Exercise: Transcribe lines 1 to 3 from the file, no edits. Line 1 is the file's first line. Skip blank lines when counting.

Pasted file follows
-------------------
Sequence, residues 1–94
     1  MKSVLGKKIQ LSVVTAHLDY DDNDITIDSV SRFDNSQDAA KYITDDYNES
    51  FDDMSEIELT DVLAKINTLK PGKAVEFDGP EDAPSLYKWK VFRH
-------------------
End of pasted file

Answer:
Sequence, residues 1–94
     1  MKSVLGKKIQ LSVVTAHLDY DDNDITIDSV SRFDNSQDAA KYITDDYNES
    51  FDDMSEIELT DVLAKINTLK PGKAVEFDGP EDAPSLYKWK VFRH